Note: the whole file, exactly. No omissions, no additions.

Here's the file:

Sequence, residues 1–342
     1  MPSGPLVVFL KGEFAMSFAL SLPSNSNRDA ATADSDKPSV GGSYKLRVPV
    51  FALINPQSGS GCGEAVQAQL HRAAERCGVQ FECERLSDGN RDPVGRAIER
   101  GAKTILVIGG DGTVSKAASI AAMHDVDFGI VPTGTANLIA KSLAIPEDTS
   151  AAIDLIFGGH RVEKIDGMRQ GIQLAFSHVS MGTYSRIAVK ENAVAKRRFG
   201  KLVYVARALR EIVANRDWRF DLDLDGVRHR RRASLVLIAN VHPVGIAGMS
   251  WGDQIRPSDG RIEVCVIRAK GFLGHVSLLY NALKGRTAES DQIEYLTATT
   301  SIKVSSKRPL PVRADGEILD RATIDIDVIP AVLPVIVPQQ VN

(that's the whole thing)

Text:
Sequence, residues 1–342
     1  MPSGPLVVFL KGEFAMSFAL SLPSNSNRDA ATADSDKPSV GGSYKLRVPV
    51  FALINPQSGS GCGEAVQAQL HRAAERCGVQ FECERLSDGN RDPVGRAIER
   101  GAKTILVIGG DGTVSKAASI AAMHDVDFGI VPTGTANLIA KSLAIPEDTS
   151  AAIDLIFGGH RVEKIDGMRQ GIQLAFSHVS MGTYSRIAVK ENAVAKRRFG
   201  KLVYVARALR EIVANRDWRF DLDLDGVRHR RRASLVLIAN VHPVGIAGMS
   251  WGDQIRPSDG RIEVCVIRAK GFLGHVSLLY NALKGRTAES DQIEYLTATT
   301  SIKVSSKRPL PVRADGEILD RATIDIDVIP AVLPVIVPQQ VN